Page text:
'Earth seemed a desert I was bound to traverse, seeking to find the old familiar faces.'~Charles LambSet against the backdrop of World War II, during the aftermath of the German occupation of Guernsey , the movie traces the development of a tie between two temporally remote yet subconsciously similar worlds as the protagonist, Juliet Ashton is found reiterating," I belong to you ...." as she finds solace in the fresh bond that she has formed with this family. Books lay the foundation of this relation as the pig ranch farmer,Dawsey Adams establishes his contact with the outside world by corresponding through letters with the help of the address mentioned on the copy of Lamb's The Selected Essays of Elia which he happens to salvage during the Club's desperate attempt to institute the reading group that they swore to be a part of, on the spur of the moment,to justify their violation of the curfew or in Dawsey's words as they had to keep a roast pig secret from the Germans. Juliet, writing under the pseudonym Izzy Bickerstaff, chooses to call her book, 'a collection of faintly amusing essays', and claims to be working on English Foibles: A Miscellany of English Absurdity which takes a dig at London Society for Public Decency which advocates trousers for horses. Her popular works thrived on instances such as these which were able to tickle the audience and make them burst into laughter. The plot of the movie also brings the struggles of an aspiring writer to the fore as she is privy to certain privileges based only on her interim popularity, wherein lies the danger that is foreshadowed in the poignant image of her room literally razed to the ground in the London blitz.She frantically tried to grasp whatever she could lay her hands on, in this case, the paperweight with a bird poised to fly in a dream like sequence. As a result of this ominous flash from her past, she walks away from the irresistible comfort of a crystal clear posh flat on the pretext that she'd feel like a fraud there. To her manager's utter dismay and in spite of his staunch dissuasion, she decides to get back to her poky bedsit in Battersea with three suitcases and a typewriter, relinquishing the consolation of a proper home thereby embracing suffering over luxury.Markham Reynolds,a diplomat and clairvoyant, offers her proper premises to cater to her writing needs. He holds the promise of a secure future to her. He makes such an elaborate show of his love as he throws ball in her honour and crams her apartment with rose vases as on one such occasion, Mrs Burns complains about her tenant's houses brimming with vases.These vases,however,do not find a place in Juliet's room unlike the handpicked floret that Kit or Dawsey present her with. As the plot progresses, she struggles to juggle between being a diplomat's fiancé and an aspiring independent writer. Nevertheless, it's not that difficult to conjecture which role she settles for. Indubitably, she is more drawn to the long black tunnel than the carnival.In a desperate bid to keep her close to him, Reynolds proposes her on the day she sets out for Guernsey.The bucolic Guernsey, with its tranquil beaches, picturesque scenes of lush green meadows with long grasses and wild waves lashing against the lofty mountains, has been restored back to life from the German occupation which once had turned it into a fortress laid with landmines. This transformation of a besieged territory into a heavenly haven happens owing to the relentless efforts of the Guernsey Literary and Potato Peel Pie Society to enjoy life even amidst adversities. The German soldiers had taken away Dawsey's pigs and had ordered him to grow potatoes.Food had become scarce and proper meals could be had only in memory.It is at this juncture that we are introduced to Elizabeth Mckenna,the founder of the club,who proves to be an ideal which Ashton could probably get inspired from.We were all Hungry but it was Elizabeth who realised our true starvation for connection,company...~Dawsey AdamsEben Ramsay,a local postmaster,is a peculiar character whose unique creation Potato Peel Pie with no butter, no flour just potatoes sounds silly and absurd but it is symbolic of something earthy sans all fancy superfluities; it is as pliable as potatoes that can be teemed with anything .In addition to that, somethings as crude as potato peels which are discarded, are reminiscent of those who survived the dark phase of German occupation.The Guernsey Literary and Potato Peel Pie Society presents a stark contrast to the book launch where Ashton,shows much faith in Izzy than herself and tries to dodge most of the questions directed to her with a certain degree of diffidence as well as skepticism. At the Guernsey's book club's gathering,she chooses to read Anne Bronte: A Life,a work for which she harbours strong opinions instead of her more popular works.As opposed to the one dimensional Q&A session at the book launch, the act of reading out to the group is more intimate with several justified attacks and equally potent defenses, ultimately, proving that books do have the power to bring people across ages or from different geographical locations together.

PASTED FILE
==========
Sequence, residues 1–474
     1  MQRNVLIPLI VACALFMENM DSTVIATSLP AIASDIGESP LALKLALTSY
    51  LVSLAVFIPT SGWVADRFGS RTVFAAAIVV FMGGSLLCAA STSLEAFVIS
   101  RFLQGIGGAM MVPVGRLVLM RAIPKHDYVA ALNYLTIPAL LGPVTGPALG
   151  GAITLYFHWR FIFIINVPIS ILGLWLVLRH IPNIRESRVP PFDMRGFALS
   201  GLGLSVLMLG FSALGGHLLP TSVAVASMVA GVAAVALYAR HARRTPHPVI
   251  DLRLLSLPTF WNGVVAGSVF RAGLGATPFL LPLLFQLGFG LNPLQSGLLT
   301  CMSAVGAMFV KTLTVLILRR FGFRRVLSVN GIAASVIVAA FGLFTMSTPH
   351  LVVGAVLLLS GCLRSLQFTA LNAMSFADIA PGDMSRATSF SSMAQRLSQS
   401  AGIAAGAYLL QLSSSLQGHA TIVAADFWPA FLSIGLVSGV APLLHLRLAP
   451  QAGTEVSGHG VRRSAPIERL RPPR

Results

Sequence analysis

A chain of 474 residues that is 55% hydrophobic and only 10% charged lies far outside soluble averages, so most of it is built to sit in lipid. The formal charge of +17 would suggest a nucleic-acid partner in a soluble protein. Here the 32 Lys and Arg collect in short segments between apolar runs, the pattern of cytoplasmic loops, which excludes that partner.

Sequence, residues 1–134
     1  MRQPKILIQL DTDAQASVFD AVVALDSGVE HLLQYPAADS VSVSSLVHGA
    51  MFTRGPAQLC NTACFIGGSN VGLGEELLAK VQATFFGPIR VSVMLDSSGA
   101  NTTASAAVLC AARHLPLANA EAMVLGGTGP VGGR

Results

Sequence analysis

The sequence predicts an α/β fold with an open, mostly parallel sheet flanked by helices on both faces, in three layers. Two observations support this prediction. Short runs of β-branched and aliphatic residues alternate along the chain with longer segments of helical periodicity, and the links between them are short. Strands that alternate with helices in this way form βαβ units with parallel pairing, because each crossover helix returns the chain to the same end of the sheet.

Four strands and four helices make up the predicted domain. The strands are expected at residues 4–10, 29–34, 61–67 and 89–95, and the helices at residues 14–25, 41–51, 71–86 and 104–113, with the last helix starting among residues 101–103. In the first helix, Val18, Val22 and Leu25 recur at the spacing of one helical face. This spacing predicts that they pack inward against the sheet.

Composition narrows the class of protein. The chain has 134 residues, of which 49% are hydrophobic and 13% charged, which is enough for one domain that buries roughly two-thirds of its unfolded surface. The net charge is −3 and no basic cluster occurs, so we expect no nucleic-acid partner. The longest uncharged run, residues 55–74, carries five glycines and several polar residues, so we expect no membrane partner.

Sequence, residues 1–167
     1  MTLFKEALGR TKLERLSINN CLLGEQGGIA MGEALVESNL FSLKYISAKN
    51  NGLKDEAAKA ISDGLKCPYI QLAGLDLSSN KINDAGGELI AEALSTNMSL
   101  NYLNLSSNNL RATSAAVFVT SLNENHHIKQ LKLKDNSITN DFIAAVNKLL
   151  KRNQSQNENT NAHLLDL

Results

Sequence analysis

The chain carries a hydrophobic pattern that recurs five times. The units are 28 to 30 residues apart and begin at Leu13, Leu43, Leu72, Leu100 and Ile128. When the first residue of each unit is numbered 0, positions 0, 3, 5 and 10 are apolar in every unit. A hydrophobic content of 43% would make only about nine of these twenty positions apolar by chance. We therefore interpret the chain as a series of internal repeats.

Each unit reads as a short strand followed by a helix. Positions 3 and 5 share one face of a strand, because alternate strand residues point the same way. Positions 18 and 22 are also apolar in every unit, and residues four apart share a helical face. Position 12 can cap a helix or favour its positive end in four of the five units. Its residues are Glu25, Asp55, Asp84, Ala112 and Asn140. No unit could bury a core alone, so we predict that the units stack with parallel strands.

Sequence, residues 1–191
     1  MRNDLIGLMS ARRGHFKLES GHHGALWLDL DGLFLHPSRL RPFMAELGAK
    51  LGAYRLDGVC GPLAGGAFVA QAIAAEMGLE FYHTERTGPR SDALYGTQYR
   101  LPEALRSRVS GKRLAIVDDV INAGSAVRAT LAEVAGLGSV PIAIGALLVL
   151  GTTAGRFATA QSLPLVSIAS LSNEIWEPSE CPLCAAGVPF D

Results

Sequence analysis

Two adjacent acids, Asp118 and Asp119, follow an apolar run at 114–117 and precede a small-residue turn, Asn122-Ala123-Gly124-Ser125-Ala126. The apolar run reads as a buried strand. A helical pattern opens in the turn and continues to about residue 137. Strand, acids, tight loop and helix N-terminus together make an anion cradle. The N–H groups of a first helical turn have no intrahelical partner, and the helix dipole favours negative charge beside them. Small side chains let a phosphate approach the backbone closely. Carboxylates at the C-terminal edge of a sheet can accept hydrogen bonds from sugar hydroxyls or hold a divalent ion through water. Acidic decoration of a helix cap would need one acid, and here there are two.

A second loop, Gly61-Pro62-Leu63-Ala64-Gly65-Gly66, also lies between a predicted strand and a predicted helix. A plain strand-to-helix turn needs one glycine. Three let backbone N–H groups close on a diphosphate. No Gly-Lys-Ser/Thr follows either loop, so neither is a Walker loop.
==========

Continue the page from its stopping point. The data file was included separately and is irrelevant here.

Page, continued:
The story line is very nice even thought there are some typical things that are happening.
I liked the movie but i don't think they read the same book i did.